Acknowledgements at the IRI Dialogue with Indigenous Leaders
Emcees Lewis Cardinal and Zaya Guarani share a message of thanks and acknowledgments of sponsors of the assembly “An Urgent Call to Protect the Amazon: An Interfaith Rainforest Initiative Dialogue with Indigenous Leaders” at the 2023 Parliament of the World’s Religions in Chicago, USA.
Lewis Cardinal – With many thanks for the powerful and important statements of our respondents, and having heard the indigenous leaders share their perspectives, we can hear clear calls to support the protection of the Amazon as a top moral and ethical priority for all of humanity, and particularly the Religions of the world.
We have heard, among others, the following key messages and related priorities:
- The Amazon is a vital ecosystem that provides clean water, air, oxygen at continental scales. It is a majestic and infinitely generous ecosystem, a real gift to humanity.
- The Amazon is in serious danger of reaching a tipping point due to deforestation, which would have global consequences on water and food security, as well as exacerbate climate change in ways that humanity cannot afford. This deforestation is mainly caused by commercial activities, many of them illegal, like cattle ranching and cattle feed crops, mining and logging, as well as infrastructure – which is intrinsically related to global unsustainable consumption and production patterns as well as an unfair and misdirected economic system.
- The indigenous peoples of the Amazon have lived in the forest for thousands of years and have developed distinct cultures, traditional knowledge and spirituality that allow for the safeguarding of the rainforests. They are essential guardians and stakeholders in global efforts to stop deforestation, and 80% of the world’s remaining biodiversity is located within indigenous lands.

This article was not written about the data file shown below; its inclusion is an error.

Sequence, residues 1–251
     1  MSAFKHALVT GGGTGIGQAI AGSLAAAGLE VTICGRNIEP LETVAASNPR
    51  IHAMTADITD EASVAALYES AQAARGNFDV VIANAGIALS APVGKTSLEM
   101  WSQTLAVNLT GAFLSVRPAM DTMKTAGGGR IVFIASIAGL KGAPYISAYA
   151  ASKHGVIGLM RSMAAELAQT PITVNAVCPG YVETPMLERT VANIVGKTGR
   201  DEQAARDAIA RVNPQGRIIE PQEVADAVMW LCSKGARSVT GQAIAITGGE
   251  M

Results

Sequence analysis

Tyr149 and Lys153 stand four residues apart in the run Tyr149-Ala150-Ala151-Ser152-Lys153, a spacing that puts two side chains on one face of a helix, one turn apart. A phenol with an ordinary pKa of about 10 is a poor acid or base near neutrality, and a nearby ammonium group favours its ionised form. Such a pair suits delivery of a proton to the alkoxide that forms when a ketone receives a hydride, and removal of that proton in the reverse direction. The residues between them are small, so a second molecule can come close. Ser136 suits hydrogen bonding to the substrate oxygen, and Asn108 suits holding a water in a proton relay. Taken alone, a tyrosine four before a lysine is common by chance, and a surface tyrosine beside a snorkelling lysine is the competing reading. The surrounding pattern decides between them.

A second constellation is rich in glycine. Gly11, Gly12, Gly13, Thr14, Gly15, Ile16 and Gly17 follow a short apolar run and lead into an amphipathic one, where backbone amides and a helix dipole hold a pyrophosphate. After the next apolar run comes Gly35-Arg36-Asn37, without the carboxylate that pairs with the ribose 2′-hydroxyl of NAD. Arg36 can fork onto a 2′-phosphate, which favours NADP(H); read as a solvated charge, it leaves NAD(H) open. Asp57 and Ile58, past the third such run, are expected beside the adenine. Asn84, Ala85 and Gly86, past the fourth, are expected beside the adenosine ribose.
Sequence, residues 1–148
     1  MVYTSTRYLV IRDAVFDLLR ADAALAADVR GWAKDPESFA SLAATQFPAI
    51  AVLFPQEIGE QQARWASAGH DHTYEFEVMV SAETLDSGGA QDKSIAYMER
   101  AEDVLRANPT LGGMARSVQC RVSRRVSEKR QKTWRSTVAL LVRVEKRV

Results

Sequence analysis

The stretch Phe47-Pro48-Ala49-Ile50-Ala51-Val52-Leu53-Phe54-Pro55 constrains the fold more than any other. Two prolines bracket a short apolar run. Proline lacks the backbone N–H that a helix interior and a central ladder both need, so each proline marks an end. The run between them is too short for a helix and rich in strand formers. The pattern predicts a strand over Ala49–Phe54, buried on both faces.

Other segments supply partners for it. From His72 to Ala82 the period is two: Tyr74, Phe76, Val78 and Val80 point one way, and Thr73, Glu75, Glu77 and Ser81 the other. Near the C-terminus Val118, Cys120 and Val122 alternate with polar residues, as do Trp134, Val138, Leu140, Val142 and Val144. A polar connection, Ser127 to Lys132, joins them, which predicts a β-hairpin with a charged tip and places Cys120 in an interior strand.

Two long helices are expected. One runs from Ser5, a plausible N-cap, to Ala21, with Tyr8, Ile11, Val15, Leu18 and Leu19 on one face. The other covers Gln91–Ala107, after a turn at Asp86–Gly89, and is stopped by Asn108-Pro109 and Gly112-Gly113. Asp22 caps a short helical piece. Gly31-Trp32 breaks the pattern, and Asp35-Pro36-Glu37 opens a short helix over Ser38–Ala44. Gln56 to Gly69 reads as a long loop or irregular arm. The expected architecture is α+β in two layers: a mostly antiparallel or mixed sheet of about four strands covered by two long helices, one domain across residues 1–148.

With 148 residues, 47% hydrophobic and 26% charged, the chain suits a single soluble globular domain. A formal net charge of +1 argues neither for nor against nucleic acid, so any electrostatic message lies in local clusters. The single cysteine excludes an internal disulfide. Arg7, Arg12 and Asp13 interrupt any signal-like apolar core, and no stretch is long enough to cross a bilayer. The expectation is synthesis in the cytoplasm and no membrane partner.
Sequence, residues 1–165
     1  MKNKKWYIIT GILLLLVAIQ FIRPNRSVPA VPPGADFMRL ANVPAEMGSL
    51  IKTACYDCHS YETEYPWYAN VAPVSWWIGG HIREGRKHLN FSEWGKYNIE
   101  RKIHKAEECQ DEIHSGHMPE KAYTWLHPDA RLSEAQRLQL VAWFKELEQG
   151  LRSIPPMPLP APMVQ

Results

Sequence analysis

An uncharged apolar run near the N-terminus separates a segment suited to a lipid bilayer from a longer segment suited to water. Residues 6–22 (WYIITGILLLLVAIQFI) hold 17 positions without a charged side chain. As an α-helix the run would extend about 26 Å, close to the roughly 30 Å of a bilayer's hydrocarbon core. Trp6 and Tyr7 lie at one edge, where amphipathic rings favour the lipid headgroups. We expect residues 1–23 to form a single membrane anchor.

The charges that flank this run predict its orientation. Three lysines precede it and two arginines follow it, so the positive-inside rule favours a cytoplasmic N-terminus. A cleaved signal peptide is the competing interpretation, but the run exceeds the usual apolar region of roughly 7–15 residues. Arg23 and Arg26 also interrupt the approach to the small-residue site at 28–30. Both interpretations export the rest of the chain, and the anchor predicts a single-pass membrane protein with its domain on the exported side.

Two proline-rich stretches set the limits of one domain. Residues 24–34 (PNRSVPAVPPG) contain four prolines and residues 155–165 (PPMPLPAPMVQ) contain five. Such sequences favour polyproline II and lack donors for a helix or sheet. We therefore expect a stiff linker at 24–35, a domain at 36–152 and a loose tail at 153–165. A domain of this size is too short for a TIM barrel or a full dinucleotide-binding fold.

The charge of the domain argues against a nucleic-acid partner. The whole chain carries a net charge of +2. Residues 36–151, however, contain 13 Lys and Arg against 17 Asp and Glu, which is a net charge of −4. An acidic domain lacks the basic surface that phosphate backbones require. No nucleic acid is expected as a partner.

- We have heard that each of us hold responsibility to educate and mobilize ourselves and our communities, as well as support the adoption and enforcement of public policies that support the protection of rainforests, indigenous rights and sustainable development.
- We have heard clearly from the UN, the Brazilian government, as well as indigenous leaders from the Amazon basin, that you, the religious leaders of the world, along with your communities, are an essential partner and ally to protect this vital ecosystem and work hand-in-hand to do so.
Zaya Guarani – We also learned about the work of the Interfaith Rainforest Initiative, a United Nations program that is mobilizing religious leaders and faith communities in the Amazon and beyond to work hand-in-hand with indigenous peoples, and many sectors to protect the rainforests and indigenous peoples rights.
We learned that just last week, IRI issued a powerful call to action to the governments of the Amazonian countries, which offers a strong platform for the religions of the world to build on.
After our prayer together, we invite you to listen to this Call to Action, which can be endorsed by us, here, together, in recognition and support of this vital mission to safeguard the Amazon.